St Bartholomew's Church, Armley

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St Bartholomew's Church, Armley
St Bartholomew's Church, Armley (July 2010) geograph.jpg
Coordinates: 53°47′41″N 1°35′13″W / 53.79462°N 1.58701°W / 53.79462; -1.58701
Location Leeds
Country United Kingdom
Denomination Church of England
Churchmanship Liberal Catholic
Website www.stbartsarmley.org.uk
History
Dedication St. Bartholomew
Consecrated 1877
Architecture
Heritage designation Grade II* listed building
Architect(s) Henry Walker and Joseph Althron
Architectural type Perpendicular Gothic
Completed 1872
Construction cost £20,000 (£1,610,000 in 2015)[1]
Specifications
Length 57m
Width 18m
Height 34m
Spire height 57m
Materials Horsforth sandstone
Administration
Parish Armley with New Wortley
Deanery Armley
Archdeaconry Leeds
Episcopal area Leeds
Diocese Leeds
Province York
Clergy
Priest in charge Fr Michael Wood

St Bartholomew’s Church, Armley is a parish church in the Church of England in Armley, West Yorkshire. The church is one of two Church of England churches in Armley; the other being Christ Church.

History[edit]

The first chapel at Armley was built in 1630 but not consecrated by Richard Sterne, Archbishop of York, until 1674. In 1737 it was extended to the north, the roof was raised and a small balcony was added at the west end.

In 1825 the chapel was much enlarged through the benevolence of Benjamin Gott, a local industrial businessman with woollen mills in Leeds.

A new church was built starting in 1872 to designs by the architects Henry Walker and Joseph Althron of Leeds. It was consecrated in 1877 but the tower was not dedicated until 1904. The church is constructed of Horsforth sandstone. The old chapel was demolished in 1909.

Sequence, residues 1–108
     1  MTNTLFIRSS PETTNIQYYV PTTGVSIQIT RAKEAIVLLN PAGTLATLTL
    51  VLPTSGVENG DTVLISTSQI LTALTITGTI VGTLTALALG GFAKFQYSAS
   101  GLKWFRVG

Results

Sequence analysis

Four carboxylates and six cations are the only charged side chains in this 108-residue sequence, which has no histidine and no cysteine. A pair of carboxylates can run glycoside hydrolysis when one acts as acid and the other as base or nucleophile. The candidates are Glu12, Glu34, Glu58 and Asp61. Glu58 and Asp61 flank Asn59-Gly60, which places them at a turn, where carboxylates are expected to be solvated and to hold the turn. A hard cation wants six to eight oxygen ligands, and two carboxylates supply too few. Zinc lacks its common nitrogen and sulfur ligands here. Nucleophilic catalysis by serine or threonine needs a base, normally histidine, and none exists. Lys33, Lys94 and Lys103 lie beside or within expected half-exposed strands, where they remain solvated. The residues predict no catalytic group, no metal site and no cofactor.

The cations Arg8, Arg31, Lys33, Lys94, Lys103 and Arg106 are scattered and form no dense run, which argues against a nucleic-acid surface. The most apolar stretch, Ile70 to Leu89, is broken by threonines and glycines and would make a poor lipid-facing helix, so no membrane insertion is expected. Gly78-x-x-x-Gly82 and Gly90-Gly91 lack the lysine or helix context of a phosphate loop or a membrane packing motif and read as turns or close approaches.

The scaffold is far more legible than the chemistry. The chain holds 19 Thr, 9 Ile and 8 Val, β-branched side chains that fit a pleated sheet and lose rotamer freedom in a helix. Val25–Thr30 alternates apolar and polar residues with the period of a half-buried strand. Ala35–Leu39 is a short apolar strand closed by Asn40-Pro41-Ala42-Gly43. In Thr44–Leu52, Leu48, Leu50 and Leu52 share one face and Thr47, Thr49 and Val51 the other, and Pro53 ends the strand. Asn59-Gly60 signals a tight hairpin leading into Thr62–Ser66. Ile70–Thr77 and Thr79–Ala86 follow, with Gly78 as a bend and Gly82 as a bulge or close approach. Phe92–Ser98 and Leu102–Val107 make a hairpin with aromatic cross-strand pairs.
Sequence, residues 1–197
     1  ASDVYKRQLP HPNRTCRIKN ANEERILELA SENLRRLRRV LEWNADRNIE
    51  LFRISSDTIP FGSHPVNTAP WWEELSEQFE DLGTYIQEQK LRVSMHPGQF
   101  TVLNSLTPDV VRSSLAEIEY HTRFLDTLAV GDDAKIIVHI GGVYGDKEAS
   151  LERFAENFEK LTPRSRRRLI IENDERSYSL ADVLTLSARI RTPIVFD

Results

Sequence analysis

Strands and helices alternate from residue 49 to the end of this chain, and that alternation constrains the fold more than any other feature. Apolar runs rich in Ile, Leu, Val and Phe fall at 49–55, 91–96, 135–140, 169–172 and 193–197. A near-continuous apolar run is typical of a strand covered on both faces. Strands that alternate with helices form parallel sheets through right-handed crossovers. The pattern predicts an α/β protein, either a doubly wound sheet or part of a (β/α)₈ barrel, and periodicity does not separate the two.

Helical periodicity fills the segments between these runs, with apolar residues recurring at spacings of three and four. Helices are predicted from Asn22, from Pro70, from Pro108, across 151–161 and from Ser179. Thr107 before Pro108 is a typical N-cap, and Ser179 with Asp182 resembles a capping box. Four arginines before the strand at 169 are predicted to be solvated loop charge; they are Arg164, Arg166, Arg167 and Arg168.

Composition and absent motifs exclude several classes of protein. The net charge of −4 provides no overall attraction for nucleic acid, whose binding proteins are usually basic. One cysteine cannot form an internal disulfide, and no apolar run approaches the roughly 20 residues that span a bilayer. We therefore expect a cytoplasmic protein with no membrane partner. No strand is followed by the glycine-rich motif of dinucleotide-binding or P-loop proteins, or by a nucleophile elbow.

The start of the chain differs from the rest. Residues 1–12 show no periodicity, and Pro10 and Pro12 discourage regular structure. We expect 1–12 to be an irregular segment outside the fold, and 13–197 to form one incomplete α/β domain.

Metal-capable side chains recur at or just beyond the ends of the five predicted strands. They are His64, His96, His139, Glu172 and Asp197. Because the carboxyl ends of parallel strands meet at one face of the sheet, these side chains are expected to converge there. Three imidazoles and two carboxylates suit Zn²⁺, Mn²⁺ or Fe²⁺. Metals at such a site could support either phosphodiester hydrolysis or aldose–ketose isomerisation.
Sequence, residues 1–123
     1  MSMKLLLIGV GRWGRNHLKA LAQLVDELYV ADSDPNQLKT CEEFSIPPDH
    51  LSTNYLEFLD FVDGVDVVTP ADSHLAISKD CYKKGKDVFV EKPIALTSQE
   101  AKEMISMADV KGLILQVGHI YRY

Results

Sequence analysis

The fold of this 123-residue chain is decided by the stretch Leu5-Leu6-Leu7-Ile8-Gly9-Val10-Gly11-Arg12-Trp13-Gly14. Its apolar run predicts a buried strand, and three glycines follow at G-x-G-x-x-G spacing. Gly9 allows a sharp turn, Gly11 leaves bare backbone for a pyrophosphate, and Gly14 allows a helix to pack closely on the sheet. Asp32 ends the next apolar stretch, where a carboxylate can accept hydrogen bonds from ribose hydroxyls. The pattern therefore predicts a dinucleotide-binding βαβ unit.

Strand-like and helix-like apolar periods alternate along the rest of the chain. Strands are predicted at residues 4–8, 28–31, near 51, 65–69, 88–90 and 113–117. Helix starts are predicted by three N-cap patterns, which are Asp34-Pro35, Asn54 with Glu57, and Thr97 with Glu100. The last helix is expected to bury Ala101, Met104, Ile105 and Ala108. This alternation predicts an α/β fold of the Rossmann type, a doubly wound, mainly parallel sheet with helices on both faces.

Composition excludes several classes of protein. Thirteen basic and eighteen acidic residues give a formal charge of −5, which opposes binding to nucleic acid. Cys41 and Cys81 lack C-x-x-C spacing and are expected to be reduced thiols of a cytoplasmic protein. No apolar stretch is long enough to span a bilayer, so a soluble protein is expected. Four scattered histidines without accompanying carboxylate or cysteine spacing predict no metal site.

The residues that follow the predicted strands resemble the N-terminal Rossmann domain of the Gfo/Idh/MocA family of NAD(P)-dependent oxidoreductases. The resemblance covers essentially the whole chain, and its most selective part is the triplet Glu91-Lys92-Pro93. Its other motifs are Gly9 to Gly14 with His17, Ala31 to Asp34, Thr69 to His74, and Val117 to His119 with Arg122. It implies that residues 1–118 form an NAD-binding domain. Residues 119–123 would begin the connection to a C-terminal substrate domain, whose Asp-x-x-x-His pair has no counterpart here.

List of vicars[edit]

Features[edit]

The reredos erected in 1877 has alabaster carvings of the Magi, crucifixion and Old Testament figures.

The pulpit is of alabaster and marble, copied from that at the shrine of Sebaldus in St. Sebaldus Church, Nuremberg.

There is a sculpture by Joseph Gott at the west end of the north aisle to Benjamin Gott of Armley House who died in 1839. In the south aisle there is 'Faith comforting the Mourner', commemorating the two sons of Benjamin and Elizabeth Gott who died in Paris and Athens.

Organ[edit]

The organ

The church is perhaps best known for its organ. It was built by the German builder Edmund Schulze.[6] It was originally installed in Meanwood Towers in 1869. In 1877 it was inaugurated in St. Peter's Church, Harrogate. Following a dispute with the vicar, the organ installed in St. Bartholomew’s in 1879. It was rebuilt in 1905 by James Jepson Binns and other restoration work took place in 1956 by Hill, Norman and Beard, 1974 by John T. Jackson and Son and 2004 by Harrison & Harrison.

The organ has been awarded a Grade II* listing by the British Institute of Organ Studies for organs which are good representatives of the work of their builder, in substantially original condition.

A specification of the organ can be found on the National Pipe Organ Register.

Organists[edit]

John Varley Roberts

References[edit]

  1. ^ UK Consumer Price Index inflation figures are based on data from Gregory Clark (2016), "The Annual RPI and Average Earnings for Britain, 1209 to Present (New Series)", MeasuringWorth.com.
  2. ^ "Obituary: Prebendary Norry McCurry - People - News - The Independent". independent.co.uk. Retrieved 2014-09-26. 
  3. ^ The Gentleman's Magazine (London, England), Volume 184, p.326
  4. ^ Pigot and co.'s national commercial directory for 1828-9, comprising a directory of the merchants, bankers, professional gentleman [&c.] in the counties of Cheshire, Cumberland. Reference to Rev Charles Clapham
  5. ^ The Freemasons' quarterly review 1842, reference to Rev Charles Clapham
  6. ^ The organ: a guide to its construction, history, usage and music. David Baker, Osprey Publishing, 2003
  7. ^ Dictionary of Organs and Organists. Frederick W. Thornsby